In Austrian director Michael Haneke’s notorious, horrific 1997 thriller Funny Games, a pair of young men terrorizes a family in their holiday home for unknown reasons. Haneke rarely shows the duo’s acts of violence, but his grueling and bloody depiction of those acts’ respective aftermaths renders the movie utterly unforgettable — and about as far removed from the traditional Tinseltown actioner as is possible to imagine.
Now Haneke has directed an English-language remake of the film, which stars Naomi Watts, Tim Roth, and Michael Pitt, and hits screens on March 14. EW.com spoke to the director (The Piano Teacher, Caché) — via an interpreter — about hating Hollywood violence; despising Natural Born Killers; and why, if you stick around until the end of Funny Games, there may be something wrong with you.
ENTERTAINMENT WEEKLY: The new version of Funny Games is almost identical to the original. Why did you decide to make it?
MICHAEL HANEKE: Because the German-language version did not find the English-language audience for which the film was originally meant.
Had Tim Roth and Naomi Watts seen the first Funny Games?
They watched the film beforehand in order to know what they were getting into. But, then, during the shooting, I told them not to watch it again because it would have made them very dependent on the prior acting.
Would it be correct to say that the film is a critique of Hollywood’s casual approach to movie violence?
If you want to interpret it that way, I don’t mind.
How else should we interpret it?
[Laughs] I actually never give interpretations of my own films. It is up to the film critics and the audience to do their own interpretations.
Is it true that the original Funny Games was partly inspired by your dislike of Oliver Stone’s Natural Born Killers?
Well, it’s true that I despise Natural Born Killers but that was not the reason for me to do the original film, no.
Why do you show almost no acts of actual onscreen violence in Funny Games?
I don’t really want to be part of this violence pornography of the mass media.
Based on what you’ve just said it does seem like you intend the film to be a critique of Hollywood violence.
Yes, of course, I’ve never said otherwise. I’ve said in many interviews that I very much dislike the consummation of violence as it is depicted in some Hollywood movies. I’m not making any secret out of that.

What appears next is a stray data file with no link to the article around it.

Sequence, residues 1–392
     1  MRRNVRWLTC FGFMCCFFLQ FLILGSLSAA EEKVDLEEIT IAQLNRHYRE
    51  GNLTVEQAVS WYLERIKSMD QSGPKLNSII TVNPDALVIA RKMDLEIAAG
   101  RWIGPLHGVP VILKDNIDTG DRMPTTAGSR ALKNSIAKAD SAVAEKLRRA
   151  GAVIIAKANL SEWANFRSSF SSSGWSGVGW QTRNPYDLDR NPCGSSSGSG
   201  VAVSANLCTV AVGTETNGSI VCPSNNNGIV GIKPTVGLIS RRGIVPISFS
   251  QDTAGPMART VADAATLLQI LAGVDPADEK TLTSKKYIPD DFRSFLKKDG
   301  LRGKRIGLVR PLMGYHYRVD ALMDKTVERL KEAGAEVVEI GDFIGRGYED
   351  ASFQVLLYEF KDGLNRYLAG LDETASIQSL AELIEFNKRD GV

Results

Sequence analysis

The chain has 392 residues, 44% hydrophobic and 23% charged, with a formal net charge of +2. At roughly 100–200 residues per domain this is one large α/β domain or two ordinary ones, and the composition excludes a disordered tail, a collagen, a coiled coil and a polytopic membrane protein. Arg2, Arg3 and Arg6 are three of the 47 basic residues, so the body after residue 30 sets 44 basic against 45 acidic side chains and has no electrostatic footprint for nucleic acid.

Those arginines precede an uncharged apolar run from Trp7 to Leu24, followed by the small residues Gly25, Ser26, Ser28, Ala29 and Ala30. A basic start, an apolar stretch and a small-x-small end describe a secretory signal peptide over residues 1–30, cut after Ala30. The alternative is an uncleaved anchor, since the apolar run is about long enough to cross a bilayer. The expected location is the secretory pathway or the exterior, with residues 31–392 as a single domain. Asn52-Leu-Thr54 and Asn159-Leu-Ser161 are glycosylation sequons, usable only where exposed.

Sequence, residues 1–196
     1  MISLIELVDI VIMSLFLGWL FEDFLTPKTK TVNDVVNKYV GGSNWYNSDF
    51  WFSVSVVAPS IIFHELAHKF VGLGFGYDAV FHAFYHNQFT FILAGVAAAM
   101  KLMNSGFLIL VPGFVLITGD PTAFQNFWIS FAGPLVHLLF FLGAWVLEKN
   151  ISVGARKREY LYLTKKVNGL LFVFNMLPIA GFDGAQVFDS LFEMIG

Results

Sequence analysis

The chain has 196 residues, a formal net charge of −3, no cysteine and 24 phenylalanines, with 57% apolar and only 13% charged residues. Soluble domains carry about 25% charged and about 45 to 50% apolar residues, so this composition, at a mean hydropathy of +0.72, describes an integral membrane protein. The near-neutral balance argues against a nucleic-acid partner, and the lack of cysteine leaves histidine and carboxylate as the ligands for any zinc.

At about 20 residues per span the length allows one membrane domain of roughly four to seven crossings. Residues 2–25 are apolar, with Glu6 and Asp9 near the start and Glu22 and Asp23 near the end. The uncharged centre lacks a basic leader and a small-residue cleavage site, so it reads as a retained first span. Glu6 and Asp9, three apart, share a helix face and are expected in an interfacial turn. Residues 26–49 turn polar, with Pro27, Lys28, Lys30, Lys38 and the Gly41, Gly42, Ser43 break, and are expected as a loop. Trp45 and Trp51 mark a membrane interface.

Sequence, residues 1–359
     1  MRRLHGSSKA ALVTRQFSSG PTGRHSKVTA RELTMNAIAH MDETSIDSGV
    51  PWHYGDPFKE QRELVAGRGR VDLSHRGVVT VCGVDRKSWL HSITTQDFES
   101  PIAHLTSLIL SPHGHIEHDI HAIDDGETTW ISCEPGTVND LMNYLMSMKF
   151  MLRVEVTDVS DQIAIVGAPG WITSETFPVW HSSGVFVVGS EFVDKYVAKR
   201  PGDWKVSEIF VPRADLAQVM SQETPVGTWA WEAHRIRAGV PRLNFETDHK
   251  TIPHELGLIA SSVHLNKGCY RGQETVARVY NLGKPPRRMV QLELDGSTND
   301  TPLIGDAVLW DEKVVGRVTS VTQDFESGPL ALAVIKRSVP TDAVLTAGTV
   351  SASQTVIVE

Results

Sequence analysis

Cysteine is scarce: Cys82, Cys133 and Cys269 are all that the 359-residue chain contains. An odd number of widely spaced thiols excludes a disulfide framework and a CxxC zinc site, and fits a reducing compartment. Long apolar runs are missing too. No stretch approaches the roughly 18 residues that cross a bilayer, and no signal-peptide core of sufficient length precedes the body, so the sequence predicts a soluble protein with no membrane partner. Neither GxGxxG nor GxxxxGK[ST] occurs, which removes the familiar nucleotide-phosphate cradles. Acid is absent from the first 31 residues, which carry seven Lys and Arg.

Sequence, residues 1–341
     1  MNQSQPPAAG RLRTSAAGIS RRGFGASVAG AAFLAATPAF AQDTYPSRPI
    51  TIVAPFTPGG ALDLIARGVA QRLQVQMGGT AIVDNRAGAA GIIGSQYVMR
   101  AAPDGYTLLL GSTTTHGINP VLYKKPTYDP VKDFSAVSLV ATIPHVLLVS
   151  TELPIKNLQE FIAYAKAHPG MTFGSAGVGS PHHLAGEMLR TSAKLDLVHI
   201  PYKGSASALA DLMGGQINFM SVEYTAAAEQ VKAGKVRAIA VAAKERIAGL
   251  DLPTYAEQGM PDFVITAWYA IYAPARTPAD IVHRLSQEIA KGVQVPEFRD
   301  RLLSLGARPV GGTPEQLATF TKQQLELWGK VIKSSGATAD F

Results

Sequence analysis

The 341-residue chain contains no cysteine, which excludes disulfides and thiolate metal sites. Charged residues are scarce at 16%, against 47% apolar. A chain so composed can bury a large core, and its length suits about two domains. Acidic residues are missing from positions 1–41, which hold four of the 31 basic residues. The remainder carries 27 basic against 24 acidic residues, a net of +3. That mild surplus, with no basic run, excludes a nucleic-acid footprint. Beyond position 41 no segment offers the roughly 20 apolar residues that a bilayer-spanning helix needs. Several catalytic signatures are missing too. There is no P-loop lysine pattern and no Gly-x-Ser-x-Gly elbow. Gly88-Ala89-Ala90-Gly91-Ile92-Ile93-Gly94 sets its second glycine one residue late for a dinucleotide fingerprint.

There are points in Funny Games when Michael Pitt’s home-invading character breaks the fourth wall and suggests, in effect, that he wouldn’t be committing these terrible acts if we — the audience — weren’t watching. You seem to be basically encouraging people to leave the cinema. Is that a fair thing to do to people who have spent 10 bucks to see a film?
[Laughs] I always say, those who watch the film to the end apparently needed it. Those who leave earlier apparently didn’t.
One of my female colleagues saw the film to the end and left in tears, partly because she regretted not leaving before. How do you feel about provoking that kind of reaction?
You mean to say that she had tears in her eyes because she didn’t leave earlier?
Well, if someone has such a degree of self-pity, then I can’t have pity on her.
A trailer for the U.S. version of Funny Games makes it look like a comedy, which is very misleading.
It’s not me who is making these trailers. I never actually care or worry or think about the marketing strategies of my films. But, if these trailers serve to bring audiences into the movie houses — the audience that I like to attract — that’s fine with me.
But they may attract people who think they’re going to see one film and end up seeing a totally different one.
Well, that’s fine too. [Laughs]
It seems ironic that the Funny Games films are polemics against violence, yet the original has this reputation of being a such a violent film.
Yes, of course, it is a violent film because it doesn’t allow you to consummate the violence. Usually, in an action film, violence is depicted in such a way that it doesn’t hurt the audience. As an audience, you feel good about it. It’s almost like you got on a rollercoaster — it’s a thrill. In my films what I’m trying to do is depict violence in such a way that it becomes reality again for the audience.
Do you ever worry that your films will be enjoyed precisely because of their violence?
Well, you know, there aren’t really any remedies against misunderstanding.
Some people might argue that one remedy would be not to make the film in the first place.
Then you cannot deal with the subject in a serious manner.